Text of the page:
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- Subjects of interest in 1992 killing take polygraph tests; results not revealed (1/18/17)2
Guardsmen volunteer at special-needs camp
LAKE OF THE OZARKS STATE PARK, Mo. -- Archery, arts and crafts, boating and a trip to the water park. These activities suggest an ordinary summer camp that thousands of American children flock to every summer.
But Camp Guardian -- where Missouri National Guard Soldiers volunteered for a week this summer -- is much more than that; it's a place where special-needs children and adults can get that sense of normalcy for five days a year that most take for granted.
"At the end of the camp, I was very humbled to be able to help," said Sgt. Dustin Rees of Cape Girardeau. "Most of these kids don't get to experience fun on a daily basis. The camp is probably the highlight of their year. So for me to be able to help in some small way was very rewarding. I feel like I made a lot of friends this summer."
Seventy children attended Camp Guardian, which took place this year July 26-30 at Lake of the Ozarks State Park's Camp Rising Sun. The campers -- ages 8 to 80 -- have all been diagnosed with Down's syndrome, cerebral palsy, muscular dystrophy, autism or various other mental and physical disabilities.
Three members of the Cape Girardeau-based 1140th Engineer Battalion's Headquarters Company -- Rees, Spc. Dillon Rickman and Spc. Vikas Chaudhary -- volunteered at the camp this year, like Guard Soldiers do every year.
The Soldiers brought and maintained several generators, which powered air-conditioning units for the cabins. They also provided a mobile kitchen for some of the meals to be prepared. When the Soldiers weren't working on maintenance, they participated in camp events, such as helping the campers get into boats, going to a water park with them or dancing with them at nightly get-togethers.
"I'm really proud the battalion took a support role for Camp Guardian," said Lt. Col. John Oberkirsch, the 1140th's battalion commander. "It really happened from the ground up, and it's such a worthwhile cause."
During the camp, adjutant general Brig. Gen. Stephen L. Danner made an appearance, flying in on a Blackhawk and spending some time with campers and volunteers. The Guard has supported the camp for years and is obviously, "very near and dear to the Missouri National Guard's heart," said camp director Connie Howe.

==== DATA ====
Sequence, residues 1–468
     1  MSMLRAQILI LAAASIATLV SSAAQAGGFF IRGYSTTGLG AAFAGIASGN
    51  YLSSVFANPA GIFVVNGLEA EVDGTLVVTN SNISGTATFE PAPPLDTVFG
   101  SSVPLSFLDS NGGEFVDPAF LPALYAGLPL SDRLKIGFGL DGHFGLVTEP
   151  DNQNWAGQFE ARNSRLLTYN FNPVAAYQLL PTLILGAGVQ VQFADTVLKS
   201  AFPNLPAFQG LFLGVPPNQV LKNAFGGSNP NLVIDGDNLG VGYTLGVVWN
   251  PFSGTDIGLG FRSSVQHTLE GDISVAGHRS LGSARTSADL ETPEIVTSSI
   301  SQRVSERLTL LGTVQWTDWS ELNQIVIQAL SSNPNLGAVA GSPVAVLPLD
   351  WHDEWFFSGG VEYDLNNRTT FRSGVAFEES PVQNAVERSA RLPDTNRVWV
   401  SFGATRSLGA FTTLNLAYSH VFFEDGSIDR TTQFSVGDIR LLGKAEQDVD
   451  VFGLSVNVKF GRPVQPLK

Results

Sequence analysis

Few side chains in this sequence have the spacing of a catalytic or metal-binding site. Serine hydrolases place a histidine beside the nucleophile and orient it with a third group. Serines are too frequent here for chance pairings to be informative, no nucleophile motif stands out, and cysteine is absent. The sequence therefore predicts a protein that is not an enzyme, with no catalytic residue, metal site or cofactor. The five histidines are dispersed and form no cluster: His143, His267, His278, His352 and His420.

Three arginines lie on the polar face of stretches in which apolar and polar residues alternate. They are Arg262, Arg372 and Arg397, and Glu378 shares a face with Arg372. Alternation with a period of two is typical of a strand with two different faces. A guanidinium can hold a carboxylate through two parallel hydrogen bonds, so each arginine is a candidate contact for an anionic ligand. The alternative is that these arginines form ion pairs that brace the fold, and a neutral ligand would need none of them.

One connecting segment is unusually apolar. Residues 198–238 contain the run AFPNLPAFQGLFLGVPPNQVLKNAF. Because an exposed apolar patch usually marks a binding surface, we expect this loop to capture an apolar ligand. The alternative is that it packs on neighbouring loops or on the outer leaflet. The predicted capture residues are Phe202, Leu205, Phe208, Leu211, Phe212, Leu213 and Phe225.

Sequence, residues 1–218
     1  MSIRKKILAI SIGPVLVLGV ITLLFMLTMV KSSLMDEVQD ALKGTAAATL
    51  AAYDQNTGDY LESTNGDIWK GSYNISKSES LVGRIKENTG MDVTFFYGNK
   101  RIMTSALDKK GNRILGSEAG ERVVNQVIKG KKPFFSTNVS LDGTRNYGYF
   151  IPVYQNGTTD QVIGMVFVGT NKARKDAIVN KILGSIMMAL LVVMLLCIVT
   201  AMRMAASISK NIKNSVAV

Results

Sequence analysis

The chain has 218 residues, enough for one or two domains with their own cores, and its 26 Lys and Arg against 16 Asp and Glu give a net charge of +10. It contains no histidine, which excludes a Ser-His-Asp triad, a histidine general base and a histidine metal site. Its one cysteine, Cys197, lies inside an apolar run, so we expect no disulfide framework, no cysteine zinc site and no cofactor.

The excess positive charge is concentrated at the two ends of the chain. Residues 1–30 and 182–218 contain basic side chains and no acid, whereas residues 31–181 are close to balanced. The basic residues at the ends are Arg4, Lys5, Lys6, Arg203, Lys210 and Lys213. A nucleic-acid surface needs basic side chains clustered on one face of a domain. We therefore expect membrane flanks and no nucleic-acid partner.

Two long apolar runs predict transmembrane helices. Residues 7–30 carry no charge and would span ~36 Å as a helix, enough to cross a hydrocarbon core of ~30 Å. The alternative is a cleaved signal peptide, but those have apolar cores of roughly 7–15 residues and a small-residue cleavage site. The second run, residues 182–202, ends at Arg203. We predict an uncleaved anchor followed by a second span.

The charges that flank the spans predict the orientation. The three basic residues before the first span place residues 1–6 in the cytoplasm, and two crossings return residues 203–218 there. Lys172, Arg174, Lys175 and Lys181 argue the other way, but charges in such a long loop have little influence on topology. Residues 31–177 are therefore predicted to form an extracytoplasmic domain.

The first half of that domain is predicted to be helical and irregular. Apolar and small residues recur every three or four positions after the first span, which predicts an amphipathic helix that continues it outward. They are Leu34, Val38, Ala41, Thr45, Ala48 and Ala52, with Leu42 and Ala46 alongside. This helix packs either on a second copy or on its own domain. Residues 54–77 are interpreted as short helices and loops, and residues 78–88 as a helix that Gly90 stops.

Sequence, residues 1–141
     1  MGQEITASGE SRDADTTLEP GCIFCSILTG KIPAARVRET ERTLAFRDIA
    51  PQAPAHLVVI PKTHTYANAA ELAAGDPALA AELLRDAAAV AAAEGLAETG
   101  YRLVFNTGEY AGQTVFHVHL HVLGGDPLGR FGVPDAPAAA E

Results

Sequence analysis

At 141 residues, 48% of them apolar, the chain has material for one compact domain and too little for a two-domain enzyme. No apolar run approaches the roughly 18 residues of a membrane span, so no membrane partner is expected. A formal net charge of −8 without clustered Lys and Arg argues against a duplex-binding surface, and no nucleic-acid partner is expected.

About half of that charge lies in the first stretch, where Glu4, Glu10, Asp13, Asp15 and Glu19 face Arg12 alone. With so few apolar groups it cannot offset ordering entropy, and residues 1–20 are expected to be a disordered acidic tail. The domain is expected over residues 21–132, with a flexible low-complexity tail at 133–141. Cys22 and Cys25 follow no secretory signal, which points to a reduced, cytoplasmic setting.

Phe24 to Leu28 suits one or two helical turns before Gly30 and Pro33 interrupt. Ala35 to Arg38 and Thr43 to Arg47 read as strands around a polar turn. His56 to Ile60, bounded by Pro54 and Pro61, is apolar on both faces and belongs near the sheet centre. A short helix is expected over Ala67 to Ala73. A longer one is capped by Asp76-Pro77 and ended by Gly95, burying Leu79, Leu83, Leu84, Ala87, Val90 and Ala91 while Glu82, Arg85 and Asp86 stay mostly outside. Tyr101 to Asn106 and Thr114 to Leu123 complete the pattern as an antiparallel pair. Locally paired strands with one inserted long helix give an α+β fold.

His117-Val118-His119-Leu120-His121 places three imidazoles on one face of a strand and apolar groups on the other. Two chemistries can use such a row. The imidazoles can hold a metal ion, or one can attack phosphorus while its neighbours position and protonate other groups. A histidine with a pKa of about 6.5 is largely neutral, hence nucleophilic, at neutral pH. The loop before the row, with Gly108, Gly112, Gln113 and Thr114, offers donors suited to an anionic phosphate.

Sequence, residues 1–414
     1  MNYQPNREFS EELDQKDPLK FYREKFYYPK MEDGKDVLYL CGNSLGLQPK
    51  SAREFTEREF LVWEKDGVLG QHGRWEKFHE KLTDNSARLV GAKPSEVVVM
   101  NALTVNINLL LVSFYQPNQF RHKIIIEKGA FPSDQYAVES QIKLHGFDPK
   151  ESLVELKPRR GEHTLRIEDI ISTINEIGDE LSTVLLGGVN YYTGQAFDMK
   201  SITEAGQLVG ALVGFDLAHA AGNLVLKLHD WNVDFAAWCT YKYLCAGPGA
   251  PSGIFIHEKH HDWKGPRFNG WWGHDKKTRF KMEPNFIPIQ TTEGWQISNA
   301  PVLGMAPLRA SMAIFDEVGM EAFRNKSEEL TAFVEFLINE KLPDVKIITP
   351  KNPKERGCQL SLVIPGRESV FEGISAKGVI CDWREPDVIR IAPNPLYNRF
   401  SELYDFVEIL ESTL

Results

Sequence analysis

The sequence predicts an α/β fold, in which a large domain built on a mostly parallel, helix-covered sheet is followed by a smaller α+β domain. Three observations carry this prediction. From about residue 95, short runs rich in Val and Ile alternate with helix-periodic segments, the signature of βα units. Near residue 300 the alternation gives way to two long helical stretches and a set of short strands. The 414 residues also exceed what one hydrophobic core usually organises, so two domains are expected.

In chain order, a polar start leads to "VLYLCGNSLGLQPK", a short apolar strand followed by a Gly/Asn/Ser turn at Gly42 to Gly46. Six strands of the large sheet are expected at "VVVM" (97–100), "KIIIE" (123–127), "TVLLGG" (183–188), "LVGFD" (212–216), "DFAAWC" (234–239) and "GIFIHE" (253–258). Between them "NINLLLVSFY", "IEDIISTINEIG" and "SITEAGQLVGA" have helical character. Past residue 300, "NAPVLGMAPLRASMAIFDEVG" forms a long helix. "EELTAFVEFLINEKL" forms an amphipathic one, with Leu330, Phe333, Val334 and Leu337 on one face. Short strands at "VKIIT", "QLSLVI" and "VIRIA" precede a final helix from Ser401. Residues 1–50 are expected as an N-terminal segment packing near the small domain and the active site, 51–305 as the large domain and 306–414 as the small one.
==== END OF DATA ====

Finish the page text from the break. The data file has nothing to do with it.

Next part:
Many of the volunteers each year are members or veterans of the Missouri National Guard.
"If we wouldn't have had the National Guard's help this year, the camp would not have happened," Howe said. "With the heat the way it was, if we didn't have those generators, there would not have been a camp."
But perhaps more impressive, she said, was how the Soldiers really got involved with the campers.
"Those guys, they were the best," she said. "They got right in and worked with the campers. They did just what we did. The campers got such a kick out of the Soldiers, especially when they were in their uniform. It means so much that the National Guard guys were here."
Mike Gunther, a retired lieutenant colonel with the Missouri National Guard from Dixon, Mo., volunteered at the camp, helping oversee the waterfront for swimming and boating. Gunther, whose daughter, Allison, was born with spina bifida, has volunteered for years. Now, his daughter comes to camp to help out as well.
Many of the campers live in Department of Mental Health group homes throughout the state.
"We want to give these kids a summer camp experience," he said. "A lot of time, any fun they have all year is limited to what we do for them at the camp. I heard one story, that right after Christmas one girl started packing for camp and the camp's not until July, so I know this camp means something to these kids."
The camp, which has been taking place for years, has always been supported by the Missouri National Guard, Gunther said.
"We couldn't exist without all the Guard support we get," he said. "There are so many Guardsmen, former Guardsmen and their families here. It really is a Guard program."
The Soldiers who volunteered said they were gratified to be able to help.
"I've never got to work with special-needs kids before," said Rickman, of Cape Girardeau. "I learned so much, just by spending time with them. It really made me feel good to be able help. We take this stuff for granted, being able to do what we want. But to see their eyes light up, it was worth it and I'd do it again in a heart-beat."
For more information about the Missouri National Guard, please call 1-800-GoGuard or visit www.moguard.com.